lrigb4
Protest poetry - An introduction to the Stolen Generations

Protest poetry - An introduction to the Stolen Generations

This is a history style lesson designed to help children understand the Stolen Generations before the next lesson where they will view poems about this issue and have to analyse them. It introduces students to the assimilation policy, includes images of newspaper advertisements at the time (selling half-caste children) and looks at the beliefs held at the time about this issue. It includes clips from the film Rabbit Proof Fence along with questions to help check for understanding and to develop empathy. Following this, information is provided about what the institutions were like as well as historical sources (testimonies of stolen children remembering the day they were taken). Finally, it looks at the effects and consequences of the stolen generation with information taken from the Creative Spirits website. Additional resources: A handout with the questions for the Rabbit Proof Fence viewing activity. A homework handout (mind mapping the effects of the stolen generation.)
lrigb4
Protest Poetry - Intro to critical literacy terms and poetic devices

Protest Poetry - Intro to critical literacy terms and poetic devices

Two powerpoints used in a 8 English protest poetry unit I designed. The first explores: What is critical literacy and why do we need these skills? How will it help us to understand protest poems? It introduces key critical literacy terms (ideology, privileged, intended reading, marginalised, silenced etc.) It includes a list of things it is important to be aware of when viewing or reading a poem/text. It also begins to introduce students to Indigenous Australian issues as these are the first series of poems to be explored. It includes poems about colonisation and questions to prompt students to analyse these poems. The second is an introduction to poetic devices which includes definitions and examples of personification, rhyme, onomatopoeia, alliteration, simile, metaphor etc. Additional resource: A handout I use at the end of the poetic devices lesson to check whether the students have understood what was taught (it is a matching terms activity).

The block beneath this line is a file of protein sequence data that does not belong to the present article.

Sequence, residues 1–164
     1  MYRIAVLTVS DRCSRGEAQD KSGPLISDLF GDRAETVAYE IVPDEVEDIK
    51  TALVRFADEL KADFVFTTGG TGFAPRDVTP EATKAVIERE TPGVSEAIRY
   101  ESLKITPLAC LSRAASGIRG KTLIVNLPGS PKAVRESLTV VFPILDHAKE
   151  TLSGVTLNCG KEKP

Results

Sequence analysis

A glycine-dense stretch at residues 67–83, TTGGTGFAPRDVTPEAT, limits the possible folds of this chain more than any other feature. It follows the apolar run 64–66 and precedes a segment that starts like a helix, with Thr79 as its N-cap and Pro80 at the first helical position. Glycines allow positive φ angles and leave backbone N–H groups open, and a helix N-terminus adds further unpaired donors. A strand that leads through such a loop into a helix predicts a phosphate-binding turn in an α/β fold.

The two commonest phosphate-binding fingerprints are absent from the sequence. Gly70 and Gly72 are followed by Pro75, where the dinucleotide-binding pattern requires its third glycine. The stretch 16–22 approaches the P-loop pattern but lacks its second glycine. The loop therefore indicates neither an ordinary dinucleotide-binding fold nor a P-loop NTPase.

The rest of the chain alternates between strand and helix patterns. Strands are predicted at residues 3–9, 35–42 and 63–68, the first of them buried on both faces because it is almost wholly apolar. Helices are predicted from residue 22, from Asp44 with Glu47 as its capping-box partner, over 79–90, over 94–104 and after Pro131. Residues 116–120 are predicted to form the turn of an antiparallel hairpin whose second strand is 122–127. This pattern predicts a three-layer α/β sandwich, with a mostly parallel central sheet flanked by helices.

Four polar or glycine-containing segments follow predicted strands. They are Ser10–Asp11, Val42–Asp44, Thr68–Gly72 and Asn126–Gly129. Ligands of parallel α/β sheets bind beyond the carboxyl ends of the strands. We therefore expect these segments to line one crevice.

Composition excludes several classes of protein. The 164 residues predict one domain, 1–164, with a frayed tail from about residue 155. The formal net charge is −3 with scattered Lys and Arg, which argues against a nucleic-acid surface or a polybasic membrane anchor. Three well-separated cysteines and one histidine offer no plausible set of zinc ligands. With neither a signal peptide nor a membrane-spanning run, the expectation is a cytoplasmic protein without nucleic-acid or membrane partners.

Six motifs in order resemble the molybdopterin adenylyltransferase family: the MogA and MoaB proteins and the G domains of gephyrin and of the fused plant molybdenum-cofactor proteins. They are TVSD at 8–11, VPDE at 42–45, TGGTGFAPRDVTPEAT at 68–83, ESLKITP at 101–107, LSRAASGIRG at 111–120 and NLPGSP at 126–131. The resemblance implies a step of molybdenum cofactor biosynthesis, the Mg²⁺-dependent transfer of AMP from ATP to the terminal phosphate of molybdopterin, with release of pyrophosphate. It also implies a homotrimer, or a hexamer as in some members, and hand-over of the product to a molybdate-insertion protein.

lrigb4
Reading comprehension using QAR strategy (social media)

Reading comprehension using QAR strategy (social media)

A reading comprehension activity which utilises the QAR reading strategy (http://www.adlit.org/strategies/19802/ & http://www.readingrockets.org/strategies/question_answer_relationship) Students will read an article entitled "Teenagers and social networking – it might actually be good for them" and then complete the questions.
lrigb4
Reading comprehension about social media

Reading comprehension about social media

A reading comprehension activity I made using the THREE LEVEL GUIDE structure explained on http://www.myread.org/guide_three.htm The article is about the effects of social media on teens.
lrigb4
How to structure a persuasive speech (about political issues)

How to structure a persuasive speech (about political issues)

This lesson was designed for a year 11 class who are required to present an election speech to be on a youth advisory committee for the federal government. This lesson goes through the main aspects required for the introduction, body, and conclusion. It defines thesis statement and gives an example. It includes examples of each part of the speech (given about legalising marijuana for medicinal purposes). It reviews the PEEEL paragraphing acronym and the importance of paraphrasing, summarising and quoting. It ends with some tips for political speeches and some suggested vocabulary.
lrigb4
My experiences with Military Life, Defense Contractor positions and the Contractor Lifestyle

My experiences with Military Life, Defense Contractor positions and the Contractor Lifestyle